God oftentimes will ask us to look and trust in Him! Even though we cannot make sense of what is going on in life or at the moment, especially why He would allow such things to happen, we are reminded that this faith journey is not based on a contract or something temporary. Our faith in Him is based on the covenant that will require much trust and the giving of ourselves, even at times we do not feel or understand why. In the Gospel according to Saint Luke, eight days before His transfiguration, Christ told His disciples that He will go to Jerusalem to suffer and give His life for the salvation of the world. Many of His disciples questioned the plan, and Peter who represented the disciples rejected and opposed the idea. However, He reminds us through His revelations that sufferings go hand in hand with glory, trials with the promise of the Kingdom. The life of Christian discipleship is not about the either/or option where we preach only about the “doom and gloom” negative message of continuous suffering or something that promises abundant riches and glories where one is set for life.
Just as life has its different seasons, it also has its own ups and downs, trials and blessings. Furthermore, there is a difference between happiness and joy! While happiness is based on apparent sentiments and passing emotions, joy is found in the in the deepest sense of belonging and loved by God. Even in the midst of the storms, we are not alone and joy is never gone. The Saints went through much oppositions and sufferings in their own lives, yet their joy in the Lord was never gone or taken away.
Our Christian joy is one of knowing WHO we belong to and who we are, especially through the relationship with the One who loves us. Furthermore, this personal, intimate, and heartfelt relationship defines and strengthens us in trying to understanding WHY everything that is going on in our lives is worth it and that this world has no power to rob it from us!
While many people can sacrifice and choose to train hard — at times, for years — for what they set their minds on objectively. Our faith journey and its objectives are much more than some passing glory or temporary satisfaction. It is much more than some jobs, careers, appealing choices, short-term goals, or contractual terms! Our faith is a covenant, the act of receiving and giving ourselves fully and completely in a personal, genuine, and intimate love to the One who loves us, even in the midst of trials, sufferings, ordeals, temptations, and hardships. The glory that we will receive at the end of the journey is the glory of love, one that is tested and tried, for we have chosen to stay, abide, and try to be faithful to love when times were hard.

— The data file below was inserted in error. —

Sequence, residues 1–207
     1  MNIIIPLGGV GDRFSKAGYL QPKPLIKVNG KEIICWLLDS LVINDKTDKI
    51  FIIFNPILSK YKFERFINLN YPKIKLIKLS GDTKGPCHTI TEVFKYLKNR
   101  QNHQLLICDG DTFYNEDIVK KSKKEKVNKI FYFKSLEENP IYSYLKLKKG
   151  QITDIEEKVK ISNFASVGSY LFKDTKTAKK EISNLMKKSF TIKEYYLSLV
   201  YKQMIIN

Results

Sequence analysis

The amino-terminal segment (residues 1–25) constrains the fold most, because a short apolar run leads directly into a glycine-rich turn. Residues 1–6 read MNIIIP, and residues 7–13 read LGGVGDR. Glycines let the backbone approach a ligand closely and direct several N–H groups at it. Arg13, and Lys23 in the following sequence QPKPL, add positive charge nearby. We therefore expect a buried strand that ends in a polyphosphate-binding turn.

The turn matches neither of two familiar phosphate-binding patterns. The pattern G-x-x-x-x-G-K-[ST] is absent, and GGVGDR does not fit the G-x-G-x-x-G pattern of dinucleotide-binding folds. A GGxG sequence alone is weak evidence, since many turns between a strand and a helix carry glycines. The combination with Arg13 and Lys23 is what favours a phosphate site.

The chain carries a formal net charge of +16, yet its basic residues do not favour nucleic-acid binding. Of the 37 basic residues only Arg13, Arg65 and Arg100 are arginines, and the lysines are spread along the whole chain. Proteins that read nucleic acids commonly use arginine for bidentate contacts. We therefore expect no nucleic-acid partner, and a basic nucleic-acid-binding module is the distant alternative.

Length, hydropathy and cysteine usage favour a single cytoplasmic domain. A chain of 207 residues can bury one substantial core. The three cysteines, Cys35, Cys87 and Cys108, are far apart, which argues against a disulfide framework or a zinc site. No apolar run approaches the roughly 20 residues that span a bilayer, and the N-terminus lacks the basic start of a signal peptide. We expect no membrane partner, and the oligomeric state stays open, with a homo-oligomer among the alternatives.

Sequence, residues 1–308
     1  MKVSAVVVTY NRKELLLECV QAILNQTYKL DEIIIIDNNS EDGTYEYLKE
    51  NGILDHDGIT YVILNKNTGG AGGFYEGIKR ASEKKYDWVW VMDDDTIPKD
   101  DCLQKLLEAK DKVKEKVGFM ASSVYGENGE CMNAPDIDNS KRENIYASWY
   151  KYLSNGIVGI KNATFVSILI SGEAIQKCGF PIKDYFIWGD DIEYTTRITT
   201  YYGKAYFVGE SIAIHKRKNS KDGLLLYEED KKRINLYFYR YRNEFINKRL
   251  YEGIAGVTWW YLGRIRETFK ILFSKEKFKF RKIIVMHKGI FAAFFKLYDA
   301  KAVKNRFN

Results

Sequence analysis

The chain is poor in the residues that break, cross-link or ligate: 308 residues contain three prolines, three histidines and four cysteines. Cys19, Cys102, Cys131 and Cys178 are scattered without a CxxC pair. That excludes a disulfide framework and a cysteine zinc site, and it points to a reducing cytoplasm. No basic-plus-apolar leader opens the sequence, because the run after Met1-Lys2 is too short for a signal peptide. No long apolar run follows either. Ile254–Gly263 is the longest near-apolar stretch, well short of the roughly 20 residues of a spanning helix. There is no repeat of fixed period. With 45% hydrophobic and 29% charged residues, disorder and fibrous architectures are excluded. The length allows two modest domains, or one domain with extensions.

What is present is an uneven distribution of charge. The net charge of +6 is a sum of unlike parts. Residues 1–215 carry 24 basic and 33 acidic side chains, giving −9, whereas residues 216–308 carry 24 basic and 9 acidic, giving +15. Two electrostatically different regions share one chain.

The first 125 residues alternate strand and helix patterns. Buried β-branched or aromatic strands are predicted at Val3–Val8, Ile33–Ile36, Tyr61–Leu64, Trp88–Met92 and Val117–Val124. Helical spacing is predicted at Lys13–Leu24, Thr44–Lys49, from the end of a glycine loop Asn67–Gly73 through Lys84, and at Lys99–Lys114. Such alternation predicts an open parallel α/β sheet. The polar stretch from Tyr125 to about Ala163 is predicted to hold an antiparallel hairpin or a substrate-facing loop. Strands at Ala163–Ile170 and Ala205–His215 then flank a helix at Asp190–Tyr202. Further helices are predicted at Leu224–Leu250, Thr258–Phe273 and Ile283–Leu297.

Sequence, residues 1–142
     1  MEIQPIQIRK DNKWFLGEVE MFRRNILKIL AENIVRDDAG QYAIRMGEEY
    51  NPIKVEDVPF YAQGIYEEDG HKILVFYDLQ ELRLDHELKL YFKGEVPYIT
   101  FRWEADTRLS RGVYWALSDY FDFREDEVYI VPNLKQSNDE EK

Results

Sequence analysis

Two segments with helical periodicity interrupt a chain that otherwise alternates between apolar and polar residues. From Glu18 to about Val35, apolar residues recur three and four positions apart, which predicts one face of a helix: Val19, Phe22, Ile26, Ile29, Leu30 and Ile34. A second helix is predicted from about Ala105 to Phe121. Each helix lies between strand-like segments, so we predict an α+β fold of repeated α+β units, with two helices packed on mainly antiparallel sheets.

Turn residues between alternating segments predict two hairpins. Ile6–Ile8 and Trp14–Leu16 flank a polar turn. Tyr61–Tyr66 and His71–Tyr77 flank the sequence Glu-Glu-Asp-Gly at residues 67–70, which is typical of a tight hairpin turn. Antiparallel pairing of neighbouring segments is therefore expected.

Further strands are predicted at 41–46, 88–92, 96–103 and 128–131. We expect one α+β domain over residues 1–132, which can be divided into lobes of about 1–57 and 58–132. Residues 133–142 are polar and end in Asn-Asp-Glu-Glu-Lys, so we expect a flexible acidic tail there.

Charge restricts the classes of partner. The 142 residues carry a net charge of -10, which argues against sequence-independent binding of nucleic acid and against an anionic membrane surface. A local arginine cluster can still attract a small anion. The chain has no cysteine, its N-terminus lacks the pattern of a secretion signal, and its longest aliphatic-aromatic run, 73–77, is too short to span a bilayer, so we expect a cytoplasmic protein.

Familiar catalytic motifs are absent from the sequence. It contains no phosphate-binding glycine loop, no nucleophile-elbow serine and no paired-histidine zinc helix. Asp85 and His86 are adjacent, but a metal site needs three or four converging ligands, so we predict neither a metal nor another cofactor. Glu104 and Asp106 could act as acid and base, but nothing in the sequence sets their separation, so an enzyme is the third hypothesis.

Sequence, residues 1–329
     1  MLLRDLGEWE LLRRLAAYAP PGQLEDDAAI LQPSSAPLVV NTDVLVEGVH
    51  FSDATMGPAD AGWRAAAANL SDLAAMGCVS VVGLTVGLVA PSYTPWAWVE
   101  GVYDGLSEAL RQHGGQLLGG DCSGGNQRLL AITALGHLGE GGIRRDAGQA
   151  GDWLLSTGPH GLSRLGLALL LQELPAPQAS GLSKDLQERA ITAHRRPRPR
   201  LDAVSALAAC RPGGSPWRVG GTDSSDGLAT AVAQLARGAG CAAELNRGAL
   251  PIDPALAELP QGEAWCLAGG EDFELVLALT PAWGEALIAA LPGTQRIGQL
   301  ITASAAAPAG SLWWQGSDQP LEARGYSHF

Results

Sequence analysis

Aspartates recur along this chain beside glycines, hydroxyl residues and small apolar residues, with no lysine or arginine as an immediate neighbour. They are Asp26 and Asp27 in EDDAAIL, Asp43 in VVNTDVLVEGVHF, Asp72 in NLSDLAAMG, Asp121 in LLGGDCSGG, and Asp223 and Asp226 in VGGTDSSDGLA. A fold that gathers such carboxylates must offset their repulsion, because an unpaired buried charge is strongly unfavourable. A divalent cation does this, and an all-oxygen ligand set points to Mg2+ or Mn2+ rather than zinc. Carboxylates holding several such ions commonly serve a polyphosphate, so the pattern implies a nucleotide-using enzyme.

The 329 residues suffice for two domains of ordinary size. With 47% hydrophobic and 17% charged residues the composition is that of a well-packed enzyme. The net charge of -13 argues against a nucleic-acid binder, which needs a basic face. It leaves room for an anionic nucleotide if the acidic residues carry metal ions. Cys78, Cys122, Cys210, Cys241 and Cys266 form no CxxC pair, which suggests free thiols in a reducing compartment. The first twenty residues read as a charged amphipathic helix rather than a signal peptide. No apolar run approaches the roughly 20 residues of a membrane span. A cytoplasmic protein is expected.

The Lord Jesus Christ came, lived like us in all things but sin, to show us to truly be children of God through His very own life and examples. He taught us the real examples through His very act of self-sacrificial love! Therefore, if we are His disciples, we cannot separate ourselves from His path and mission. We cannot run away from our very foundational baptismal vocation. We cannot simply choose to separate sufferings from glories! Saint Francis of Assisi reminded us of this very reality in his own prayer, especially the part that that we often prayed but easily glanced through the words. Thus, let it reminds us of what is truly worthwhile, especially in deepening and enriching our loving desire and relationship with the One who loves us. Take the time to reflect on the words of his prayer again:
O, Divine Master,
grant that I may not so much seek
to be consoled, as to console;
to be understood as to understand;
to be loved as to love;
for it is in giving that we receive;
it is in pardoning that we are pardoned;
and it is in dying to ourselves that we are born to eternal life.